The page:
Police responses to missing persons; Search & rescue teams; Evidence-based policing;
Policy studies; Qualitative research
Contact Available For:
Other interested parties/sectors
Lorna Ferguson is a Ph.D. Candidate at the University of Western Ontario, and is the Founder of the Missing Persons Research Hub and Commentaries Editor for Police Practice and Research: An International Journal. She is also an Independent Research Consultant and Vanier Scholar. Previously, Lorna was the Director of Operations for Can-SEBP but stepped away from that role to develop the Missing Persons Research Hub. She has worked in several research positions with various researchers on several topics, not only from Canada but also from the United States (U.S.) and United Kingdom (U.K.). Lorna received both her M.A. in Sociology and B.A. Honor Specialization in Criminology from the University of Western Ontario. Before entering her Masters degree, she worked at the Correctional Service of Canada in Parole and Community Corrections.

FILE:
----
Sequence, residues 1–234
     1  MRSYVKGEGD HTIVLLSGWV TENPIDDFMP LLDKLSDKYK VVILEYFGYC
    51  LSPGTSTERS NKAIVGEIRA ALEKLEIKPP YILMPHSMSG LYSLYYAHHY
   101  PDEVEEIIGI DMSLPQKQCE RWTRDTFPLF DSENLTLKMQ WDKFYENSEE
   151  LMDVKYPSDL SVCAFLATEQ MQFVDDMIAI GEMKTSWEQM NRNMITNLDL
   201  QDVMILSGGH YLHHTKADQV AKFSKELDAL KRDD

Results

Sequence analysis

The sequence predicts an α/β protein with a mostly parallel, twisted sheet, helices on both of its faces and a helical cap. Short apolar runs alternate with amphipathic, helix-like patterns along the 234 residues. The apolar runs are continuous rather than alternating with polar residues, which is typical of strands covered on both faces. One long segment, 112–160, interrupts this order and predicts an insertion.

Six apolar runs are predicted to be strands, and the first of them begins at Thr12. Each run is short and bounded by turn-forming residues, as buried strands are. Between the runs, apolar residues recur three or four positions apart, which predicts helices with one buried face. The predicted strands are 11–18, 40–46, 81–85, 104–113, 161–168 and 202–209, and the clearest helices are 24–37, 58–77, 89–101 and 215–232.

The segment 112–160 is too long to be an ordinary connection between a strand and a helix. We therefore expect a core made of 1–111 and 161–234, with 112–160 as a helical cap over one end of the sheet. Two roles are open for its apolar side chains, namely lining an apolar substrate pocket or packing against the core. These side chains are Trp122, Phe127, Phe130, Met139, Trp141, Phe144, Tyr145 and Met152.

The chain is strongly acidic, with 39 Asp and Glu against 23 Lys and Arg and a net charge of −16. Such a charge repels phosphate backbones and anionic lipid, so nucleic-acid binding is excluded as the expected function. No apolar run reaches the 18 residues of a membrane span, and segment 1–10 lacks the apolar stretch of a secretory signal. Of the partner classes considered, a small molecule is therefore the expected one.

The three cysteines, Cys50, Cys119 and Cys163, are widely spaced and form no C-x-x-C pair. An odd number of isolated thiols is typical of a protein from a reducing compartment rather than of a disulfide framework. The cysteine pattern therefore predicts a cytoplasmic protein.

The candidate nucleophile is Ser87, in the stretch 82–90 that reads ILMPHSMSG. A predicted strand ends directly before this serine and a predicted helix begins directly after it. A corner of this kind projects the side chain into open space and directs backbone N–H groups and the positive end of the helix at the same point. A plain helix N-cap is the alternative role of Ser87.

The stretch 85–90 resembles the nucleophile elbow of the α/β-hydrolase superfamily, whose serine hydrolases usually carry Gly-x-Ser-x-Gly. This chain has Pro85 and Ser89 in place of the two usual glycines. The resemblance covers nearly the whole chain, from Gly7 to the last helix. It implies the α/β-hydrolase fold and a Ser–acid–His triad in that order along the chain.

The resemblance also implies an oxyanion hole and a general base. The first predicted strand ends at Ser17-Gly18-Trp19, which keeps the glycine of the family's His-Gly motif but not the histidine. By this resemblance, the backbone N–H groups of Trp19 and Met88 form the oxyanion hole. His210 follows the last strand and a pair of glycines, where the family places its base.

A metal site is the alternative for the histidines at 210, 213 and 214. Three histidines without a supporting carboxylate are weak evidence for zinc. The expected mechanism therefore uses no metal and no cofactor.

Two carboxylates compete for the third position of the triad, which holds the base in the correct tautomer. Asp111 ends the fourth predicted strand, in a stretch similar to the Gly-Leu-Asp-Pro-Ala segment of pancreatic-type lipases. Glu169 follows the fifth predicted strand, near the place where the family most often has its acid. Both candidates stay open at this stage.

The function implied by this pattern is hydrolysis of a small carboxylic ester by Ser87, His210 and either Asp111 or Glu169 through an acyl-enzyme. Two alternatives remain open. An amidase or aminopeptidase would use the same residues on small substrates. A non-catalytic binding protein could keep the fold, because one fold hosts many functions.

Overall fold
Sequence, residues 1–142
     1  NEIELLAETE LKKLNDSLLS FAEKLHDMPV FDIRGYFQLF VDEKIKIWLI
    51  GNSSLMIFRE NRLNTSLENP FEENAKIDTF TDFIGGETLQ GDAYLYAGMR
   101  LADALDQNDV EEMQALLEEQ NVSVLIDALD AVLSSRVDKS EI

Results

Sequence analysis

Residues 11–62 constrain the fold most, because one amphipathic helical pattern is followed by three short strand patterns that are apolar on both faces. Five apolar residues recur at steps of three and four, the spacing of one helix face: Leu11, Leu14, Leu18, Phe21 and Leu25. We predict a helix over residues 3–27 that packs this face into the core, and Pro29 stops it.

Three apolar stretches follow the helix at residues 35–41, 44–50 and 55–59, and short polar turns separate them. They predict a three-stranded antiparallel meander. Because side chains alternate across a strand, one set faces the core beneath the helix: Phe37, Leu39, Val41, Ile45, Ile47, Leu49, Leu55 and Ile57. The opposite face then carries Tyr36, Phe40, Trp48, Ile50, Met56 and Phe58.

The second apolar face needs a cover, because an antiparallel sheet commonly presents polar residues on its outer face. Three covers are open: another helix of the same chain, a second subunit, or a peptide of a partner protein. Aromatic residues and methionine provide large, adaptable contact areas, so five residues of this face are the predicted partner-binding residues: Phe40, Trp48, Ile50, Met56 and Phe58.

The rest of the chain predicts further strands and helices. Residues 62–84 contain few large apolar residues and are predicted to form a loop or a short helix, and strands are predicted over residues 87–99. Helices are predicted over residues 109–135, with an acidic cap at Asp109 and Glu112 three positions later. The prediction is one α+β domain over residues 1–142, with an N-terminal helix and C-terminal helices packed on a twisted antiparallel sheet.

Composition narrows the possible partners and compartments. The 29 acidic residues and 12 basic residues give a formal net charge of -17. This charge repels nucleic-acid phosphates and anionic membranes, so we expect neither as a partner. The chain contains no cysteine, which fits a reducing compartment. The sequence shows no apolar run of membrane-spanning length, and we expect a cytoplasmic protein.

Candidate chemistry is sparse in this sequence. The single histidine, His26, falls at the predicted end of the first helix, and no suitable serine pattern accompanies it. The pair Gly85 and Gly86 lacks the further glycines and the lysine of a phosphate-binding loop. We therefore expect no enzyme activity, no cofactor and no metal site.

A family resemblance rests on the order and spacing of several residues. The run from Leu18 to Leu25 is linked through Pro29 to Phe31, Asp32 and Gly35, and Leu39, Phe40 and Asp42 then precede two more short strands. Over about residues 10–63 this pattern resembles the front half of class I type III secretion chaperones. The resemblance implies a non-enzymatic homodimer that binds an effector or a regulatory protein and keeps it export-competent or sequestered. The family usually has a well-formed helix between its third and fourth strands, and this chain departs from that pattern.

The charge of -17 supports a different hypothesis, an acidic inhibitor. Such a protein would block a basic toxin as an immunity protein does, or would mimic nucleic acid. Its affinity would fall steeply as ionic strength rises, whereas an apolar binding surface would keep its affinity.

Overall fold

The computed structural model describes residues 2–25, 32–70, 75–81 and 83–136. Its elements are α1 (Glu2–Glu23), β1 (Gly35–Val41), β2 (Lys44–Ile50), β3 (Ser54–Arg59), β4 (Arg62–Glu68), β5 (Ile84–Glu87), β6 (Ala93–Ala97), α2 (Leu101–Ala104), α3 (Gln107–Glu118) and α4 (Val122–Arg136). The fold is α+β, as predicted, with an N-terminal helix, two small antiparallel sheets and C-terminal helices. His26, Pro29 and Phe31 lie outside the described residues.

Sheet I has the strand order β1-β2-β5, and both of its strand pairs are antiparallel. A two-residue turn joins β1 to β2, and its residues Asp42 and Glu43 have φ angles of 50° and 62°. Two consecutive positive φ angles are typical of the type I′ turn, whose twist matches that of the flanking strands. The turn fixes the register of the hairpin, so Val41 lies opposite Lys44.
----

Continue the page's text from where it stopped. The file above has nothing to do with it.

Lorna is a criminologist that has dedicated almost ten years to studying crime and criminal justice and/or working in this field. Overall, she has a broad interest in policing research and developing evidence-based approaches to policing and crime prevention, including issues related to firearms, crime concentration, and police social media use. Currently, she focuses on police responses to missing person cases. The purpose of this research is to fill in knowledge gaps on 'what works,' 'what doesn't work,' and 'what we still don't know' in terms of how to most effectively and efficiently search for and investigate missing persons. She has educated, trained, and/or partnered with over thirty police services and several individual police officers to enhance police practices and policies and police officer knowledge on missing persons in Canada. With her research, outreach, and the Missing Persons Research Hub, her ultimate goals are to improve Canadian scholarship in this area and contribute to preventing and reducing missingness in Canada. Her most recent research has appeared in Police Practice and Research: An International Journal, Policing: An International Journal, and Deviant Behavior.